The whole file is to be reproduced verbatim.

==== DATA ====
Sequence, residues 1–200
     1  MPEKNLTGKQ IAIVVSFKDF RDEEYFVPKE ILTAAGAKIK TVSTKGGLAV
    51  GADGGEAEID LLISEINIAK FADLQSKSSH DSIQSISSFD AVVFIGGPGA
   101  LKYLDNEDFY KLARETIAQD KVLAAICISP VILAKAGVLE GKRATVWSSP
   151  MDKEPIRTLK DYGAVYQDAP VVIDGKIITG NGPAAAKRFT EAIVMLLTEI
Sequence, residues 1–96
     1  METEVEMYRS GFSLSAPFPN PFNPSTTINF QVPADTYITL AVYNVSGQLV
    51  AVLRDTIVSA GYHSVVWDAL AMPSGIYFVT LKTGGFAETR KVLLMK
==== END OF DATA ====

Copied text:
Sequence, residues 1–200
     1  MPEKNLTGKQ IAIVVSFKDF RDEEYFVPKE ILTAAGAKIK TVSTKGGLAV
    51  GADGGEAEID LLISEINIAK FADLQSKSSH DSIQSISSFD AVVFIGGPGA
   101  LKYLDNEDFY KLARETIAQD KVLAAICISP VILAKAGVLE GKRATVWSSP
   151  MDKEPIRTLK DYGAVYQDAP VVIDGKIITG NGPAAAKRFT EAIVMLLTEI
Sequence, residues 1–96
     1  METEVEMYRS GFSLSAPFPN PFNPSTTINF QVPADTYITL AVYNVSGQLV
    51  AVLRDTIVSA GYHSVVWDAL AMPSGIYFVT LKTGGFAETR KVLLMK